The morning of our return flight from Exmouth to Perth, I got a text message followed by a call on my mobile (cell phone).  The departure was going to be delayed by four hours.  We had planned to arrive at Perth airport at 3:30 in the afternoon, allowing us enough time to pick up our rental car and drive to Margaret River before dark.

When we drove past the airport on our way into Exmouth to gas up, I saw the plane on the tarmac.  There had been no explanation for the delay, but I would not be surprised if it had something to do with a certain offshore oil rig.  I phoned the owner of the B&B in Margaret River and the car rental company about the delay, but when we finally arrived in Perth, the Thrifty agent had disappeared.  It took a good half hour to round her up.  It was nearly dark when we started driving toward Margaret River, and we  finally pulled into Rosewood Guest House about 11 PM.

Our host had been diligent, however, and the keys were waiting.   A breakfast menu had been left out and we could even select what we wished to have in the morning.  This was my kind of place.  If you get a breakfast “down under,” it tends to be British– fried eggs and bacon or sausage, baked tomatoes or beans and toast, spaghetti with tomato sauce.  We had stayed in only one B&B that offered more than this, and several that offered less.  One had a shiny cappuccino machine sitting on the kitchen counter, but we were treated to instant coffee from a jar with powdered milk.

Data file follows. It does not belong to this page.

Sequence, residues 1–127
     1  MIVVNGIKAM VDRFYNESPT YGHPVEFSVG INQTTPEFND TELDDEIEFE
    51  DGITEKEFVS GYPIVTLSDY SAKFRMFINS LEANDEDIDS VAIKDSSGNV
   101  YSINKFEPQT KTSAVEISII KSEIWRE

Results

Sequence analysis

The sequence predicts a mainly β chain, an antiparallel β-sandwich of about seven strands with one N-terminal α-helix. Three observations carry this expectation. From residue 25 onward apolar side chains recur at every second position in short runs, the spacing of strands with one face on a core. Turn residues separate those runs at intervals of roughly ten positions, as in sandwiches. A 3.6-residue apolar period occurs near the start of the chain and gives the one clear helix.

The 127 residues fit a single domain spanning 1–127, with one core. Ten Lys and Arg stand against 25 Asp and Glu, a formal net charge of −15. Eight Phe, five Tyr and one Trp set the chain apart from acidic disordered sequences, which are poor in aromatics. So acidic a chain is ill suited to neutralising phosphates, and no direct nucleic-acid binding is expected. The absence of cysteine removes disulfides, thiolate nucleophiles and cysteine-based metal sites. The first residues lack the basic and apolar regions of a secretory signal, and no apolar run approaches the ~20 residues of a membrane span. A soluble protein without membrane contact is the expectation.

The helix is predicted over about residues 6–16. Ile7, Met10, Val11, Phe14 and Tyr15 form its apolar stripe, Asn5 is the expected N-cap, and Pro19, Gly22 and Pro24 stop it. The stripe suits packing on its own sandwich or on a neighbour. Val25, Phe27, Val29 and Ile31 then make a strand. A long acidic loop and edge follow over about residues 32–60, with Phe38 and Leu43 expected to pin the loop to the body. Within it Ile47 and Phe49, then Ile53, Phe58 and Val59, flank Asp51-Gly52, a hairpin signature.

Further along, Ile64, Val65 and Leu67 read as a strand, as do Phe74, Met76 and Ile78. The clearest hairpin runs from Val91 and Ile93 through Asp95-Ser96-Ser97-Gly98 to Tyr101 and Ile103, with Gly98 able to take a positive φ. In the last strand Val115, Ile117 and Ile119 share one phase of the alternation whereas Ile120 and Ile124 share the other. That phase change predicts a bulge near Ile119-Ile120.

The siren call of Margaret River are the vineyards.  The wine business has exploded in recent years, bringing the total up to an impressive 125 wineries.   We were less than assiduous in our tourist duties, dropping in on exactly one, Voyager Estate.  The grounds were gorgeous, based on a South African approach to landscaping and architecture.   The weather and topography are not dissimilar, and Margaret River does very well with white wines and Cabernet blends, exporting much of the output world-wide.

The other main attractions are large limestone caves, fabulous surfing, fine breweries and high quality arts and crafts.  Academic demands required my wife to spend more time at the internet cafe than I would have liked, but we did squeeze in a bike ride to the beach, a visit to a gift shop with beautiful, hand-made furniture, a tour of the Cape Leeuwin lighthouse, and a long walk among the towering trees near the town of Pemberton.

We managed to rendezvous for lunch and dinner with Graham Reeks and his lovely wife, Ella.  Graham is a fellow expat scribbler I met in Melbourne who is on a long driveabout.  His blog is called ofnofixedabode, and he has just written a wonderful post about the western woods. Check it out with the link I have to his site.

Thanks to our hosts at the B&B, we began each day with a fine breakfast and plenty of good coffee.  For me, all’s well that begins with a good breakfast.   Buttermilk waffles or blueberry blintzes are perfect, but something other than English fare is just fine by me.  Thanksgiving in Australia, reason to celebrate.